Singular matrices are rare in the sense that if a square matrix entries are randomly selected from any bounded region on the number line or complex plane, the probability that the matrix is singular is $$0$$, that is, it will almost never be singular.
Non-square matrices do not have an inverse.
However, in some cases such a matrix may have a left inverse or right inverse.
If $$A$$ is $$m$$-by- $$n$$ and the rank of $$A$$ is equal to $$n$$ ( $$n \leq m$$), then $$A$$ has a left inverse, an $$n$$-by- $$m$$ matrix $$B$$ such that $$BA = I_n$$.
If $$A$$ has rank $$m$$ ( $$m \leq n$$), then it has a right inverse, an $$n$$-by- $$m$$ matrix $$B$$ such that $$AB = I_m$$.

## Inverse matrix properties

The following properties hold for an invertible matrix $$A$$:

1. $$(\mathbf{A}^{-1})^{-1} = \mathbf{A}$$.
2. $$(k\mathbf{A})^{-1} = k^{-1}\mathbf{A}^{-1}$$ for nonzero scalar $$k$$.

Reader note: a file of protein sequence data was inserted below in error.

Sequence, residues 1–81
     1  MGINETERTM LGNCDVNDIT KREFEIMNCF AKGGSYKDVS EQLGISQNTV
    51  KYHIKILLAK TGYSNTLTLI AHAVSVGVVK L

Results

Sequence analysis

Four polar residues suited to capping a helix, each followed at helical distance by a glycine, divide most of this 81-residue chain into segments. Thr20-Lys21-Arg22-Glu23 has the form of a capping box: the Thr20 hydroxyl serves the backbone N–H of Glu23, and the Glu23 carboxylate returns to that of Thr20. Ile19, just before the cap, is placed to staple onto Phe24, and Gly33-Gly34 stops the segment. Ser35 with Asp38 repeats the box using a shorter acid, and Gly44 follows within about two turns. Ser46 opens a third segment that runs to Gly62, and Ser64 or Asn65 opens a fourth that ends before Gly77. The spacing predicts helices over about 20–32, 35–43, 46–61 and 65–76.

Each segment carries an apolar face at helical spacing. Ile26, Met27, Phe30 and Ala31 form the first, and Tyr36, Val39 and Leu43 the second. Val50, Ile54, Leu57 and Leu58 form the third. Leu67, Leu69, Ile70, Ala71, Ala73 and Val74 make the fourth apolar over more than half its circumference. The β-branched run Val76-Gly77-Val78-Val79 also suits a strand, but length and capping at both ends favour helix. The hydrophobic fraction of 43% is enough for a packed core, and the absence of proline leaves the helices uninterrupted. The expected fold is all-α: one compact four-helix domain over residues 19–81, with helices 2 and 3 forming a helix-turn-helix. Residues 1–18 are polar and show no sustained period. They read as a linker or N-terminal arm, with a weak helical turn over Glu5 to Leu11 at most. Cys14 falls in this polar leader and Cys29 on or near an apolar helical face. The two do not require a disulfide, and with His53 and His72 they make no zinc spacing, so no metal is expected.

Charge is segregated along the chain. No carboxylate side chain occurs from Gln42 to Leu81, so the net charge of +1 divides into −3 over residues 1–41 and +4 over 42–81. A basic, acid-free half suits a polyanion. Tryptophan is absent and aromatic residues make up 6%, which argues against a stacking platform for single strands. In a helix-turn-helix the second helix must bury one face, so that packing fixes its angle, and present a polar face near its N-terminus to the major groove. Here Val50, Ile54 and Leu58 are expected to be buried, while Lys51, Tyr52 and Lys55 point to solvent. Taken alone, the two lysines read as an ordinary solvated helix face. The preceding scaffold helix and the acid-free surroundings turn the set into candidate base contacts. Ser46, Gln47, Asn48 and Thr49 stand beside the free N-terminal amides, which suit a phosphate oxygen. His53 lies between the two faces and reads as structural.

3. $$(\mathbf{Ax})^{+} = \mathbf{x}^{+}\mathbf{A}^{-1}$$ if $$A$$ has orthonormal columns, where $$+$$ denotes the Moore–Penrose inverse and $$x$$ is a vector.
4. $$(\mathbf{A}^{\mathrm{T}})^{-1} = (\mathbf{A}^{-1})^{\mathrm{T}}$$.
5. For any invertible $$n$$-by- $$n$$ matrices $$A$$ and $$B$$, $$(\mathbf{AB})^{-1} = \mathbf{B}^{-1}\mathbf{A}^{-1}$$.
More generally, if $$\mathbf{A}_1, \dots, \mathbf{A}_{k}$$ are invertible $$n$$-by- $$n$$ matrices, then $$(\mathbf{A}_{1}\mathbf{A}_{2} \cdots \mathbf{A}_{k-1}\mathbf{A}_{k})^{-1} = \mathbf{A}_{k}^{-1}\mathbf{A}_{k-1}^{-1} \cdots \mathbf{A}_{2}^{-1}\mathbf{A}_{1}^{-1}$$.
6. $$\det\mathbf{A}^{-1} = (\det \mathbf{A})^{-1}$$.
7. The rows of the inverse matrix $$V$$ of a matrix $$U$$ are orthonormal to the columns of $$U$$.

## Inverse matrix computation

The common approach to computing the inverse matrix stems from its definition.
The inverse matrix $$A^{-1}$$ of a square matrix $$A$$ is a square matrix such that $$AA^{-1} = I$$, where $$I$$ is the identity matrix.
Depending on the class of the square matrix $$A$$, there are several approaches that can be taken to compute its inverse.
However, all such methods attempt to factorize the matrix first (for example, Cholesky decomposition or LU decomposition) and cast the problem into seeking the solution to a system of linear equations.
For example, for a general square matrix of shape $$3\times 3$$, the corresponding system of equations to solve would be: